A new project that uses artificial intelligence to maintain ageing port infrastructure is one of many dynamic ideas featured at EnGenius, RMIT’s annual event showcasing final year engineering students’ projects and products.
This year, more than 300 projects completed by nearly 1,000 final year engineering students will be exhibited online until the end of November, with the design solutions being judged by more than 100 industry experts.
One student team has designed and developed a virtual model also known as a ‘digital twin’ that uses wireless sensors to monitor structural elements of the Dalrymple Bay Coal terminal, operating since 1983 and subject to harsh environmental and mechanical conditions.
Artificial Intelligence to maintain port infrastructure
A digital twin is a detailed virtual model of an asset and provides accurate and real-time information of structural elements, eliminating the need for daily inspections, reducing job site risks, and reducing costs and time.
Engineering student Elisha Tilan said the project investigated developing an intelligent system to transform and optimise how the Dalrymple Bay Coal terminal was maintained to reduce the risk of it failing.
“In our project, we have incorporated three different types of wireless sensors to detect potential deteriorative hazards for the asset,” she said.
“Our project aims to encourage the shift towards digital-driven asset management.”
Tilan said that completing the capstone project remotely because of COVID restrictions posed challenges along the way.
“However, we’ve been lucky and found ways of collaborating without all getting together,” she said.
Tilan has high hopes once she graduates at the end of this year.
“After graduating, I will be taking up a role as a Rail Systems Engineer at Aurecon,” she said.
“My ultimate career goal is to become a leader in this field and work on high-profile projects that connect and improve people’s lives all around the world.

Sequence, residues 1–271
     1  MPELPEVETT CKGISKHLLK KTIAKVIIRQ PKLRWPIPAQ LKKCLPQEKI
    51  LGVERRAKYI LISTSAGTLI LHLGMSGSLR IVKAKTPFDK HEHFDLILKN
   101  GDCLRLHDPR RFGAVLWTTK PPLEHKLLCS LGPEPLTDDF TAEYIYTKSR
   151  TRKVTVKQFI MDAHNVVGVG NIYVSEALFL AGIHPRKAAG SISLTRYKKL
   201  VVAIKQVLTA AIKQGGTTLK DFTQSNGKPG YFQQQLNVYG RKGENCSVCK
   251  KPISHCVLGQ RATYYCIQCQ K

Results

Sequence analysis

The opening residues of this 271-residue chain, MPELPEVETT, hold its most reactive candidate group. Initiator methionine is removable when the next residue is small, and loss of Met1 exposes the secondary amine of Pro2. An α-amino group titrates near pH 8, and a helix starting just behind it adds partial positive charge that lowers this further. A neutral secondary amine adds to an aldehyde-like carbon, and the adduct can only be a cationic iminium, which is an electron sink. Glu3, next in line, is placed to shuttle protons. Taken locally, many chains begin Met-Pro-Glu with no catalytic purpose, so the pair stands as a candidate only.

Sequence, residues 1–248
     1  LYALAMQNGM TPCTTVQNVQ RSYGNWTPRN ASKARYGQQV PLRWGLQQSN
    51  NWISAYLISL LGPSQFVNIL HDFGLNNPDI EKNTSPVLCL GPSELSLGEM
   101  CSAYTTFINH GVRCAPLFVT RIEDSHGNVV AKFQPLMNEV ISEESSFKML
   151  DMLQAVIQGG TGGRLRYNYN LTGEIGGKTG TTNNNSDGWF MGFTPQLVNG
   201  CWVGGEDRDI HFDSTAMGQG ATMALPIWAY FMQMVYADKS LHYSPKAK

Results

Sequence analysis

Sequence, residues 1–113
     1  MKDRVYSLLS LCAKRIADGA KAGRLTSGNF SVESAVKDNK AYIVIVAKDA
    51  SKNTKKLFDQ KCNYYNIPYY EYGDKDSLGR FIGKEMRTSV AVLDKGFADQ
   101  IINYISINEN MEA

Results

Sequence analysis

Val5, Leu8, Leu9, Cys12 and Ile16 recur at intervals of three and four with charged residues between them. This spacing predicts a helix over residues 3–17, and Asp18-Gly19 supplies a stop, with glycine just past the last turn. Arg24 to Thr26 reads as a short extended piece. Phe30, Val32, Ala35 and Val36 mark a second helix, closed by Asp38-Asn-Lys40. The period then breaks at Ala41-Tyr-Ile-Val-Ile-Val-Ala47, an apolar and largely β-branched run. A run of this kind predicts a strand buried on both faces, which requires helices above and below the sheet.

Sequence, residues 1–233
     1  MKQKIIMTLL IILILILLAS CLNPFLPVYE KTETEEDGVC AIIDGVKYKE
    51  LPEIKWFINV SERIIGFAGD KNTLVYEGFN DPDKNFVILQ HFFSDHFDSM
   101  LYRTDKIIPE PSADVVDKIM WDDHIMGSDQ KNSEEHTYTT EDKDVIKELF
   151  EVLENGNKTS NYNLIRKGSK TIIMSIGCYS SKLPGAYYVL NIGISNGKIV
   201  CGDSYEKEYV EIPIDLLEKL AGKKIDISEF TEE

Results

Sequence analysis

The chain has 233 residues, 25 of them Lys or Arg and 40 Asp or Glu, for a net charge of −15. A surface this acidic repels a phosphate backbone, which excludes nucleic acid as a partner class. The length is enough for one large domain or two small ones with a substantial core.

“I also want to be involved in empowering our next generation, particularly young women, to pursue an exciting career in engineering.”
Using the future of flying right now
The Advancing GoFly project developed electric vertical take-off and landing technology for a ‘Hovera’ craft that has been developed by three RMIT student teams in the past few years.
Team member Joshua Watson said the work of the previous teams and building on other innovative designs was essential to the success of their current project.
“Our specific design draws from the legacy of historical ground-breaking work such as the Hiller Pawnee Flying platform with the addition of external electric ducted fans in a configuration like that of a quadcopter to provide control,” he said.
The current design uses a composite duct and is equipped with two 30kW electric motors to provide lift and eight 5kW electric ducted fans for control.
The craft is controlled centrally via a flight controller and powered by high capacity lithium batteries.
“A major milestone for our team this year included testing the motor systems, which also required a well-engineered method of restraining the craft to do so safely,” Watson said.
Given the current project team consisted of students from a diverse set of engineering disciplines, the approach to progressing the craft was multifaceted.
“On the mechanical side, a set of landing gear capable of absorbing the impact of landing is being designed. Electrically a method of remotely shutting the craft down as required for certification has been designed and prototyped,” Watson said.
“In addition to this, a data monitoring system has been designed to allow for all the pertinent flight data to be captured during testing. There has also been considerable work completed to finetune the flight control systems and verify that hardware being used meets the needs of the craft.”
Students making RMIT proud
Executive Dean of the School of Engineering, Distinguished Professor Adrian Mouritz, said he was amazed to see how students have come up with creative engineering solutions to real-world issues while studying remotely during COVID-19 restrictions.
“Working on their projects remotely is a challenge for our students, especially given they could not access our facilities as usual,” he said.
“However, many groups were still able to change the scope of their projects to create real outcomes that can make a positive impact in the world.
“The capstone projects are often in partnership with industry, to design a solution to a real problem within their organisation.
“Engineering is about finding creative solutions to the problems you are facing and the changing circumstances with COVID has forced our students to do that even more,” he said.
“It’s been great to see our students come up with even better solutions because they are forced to think outside the box.”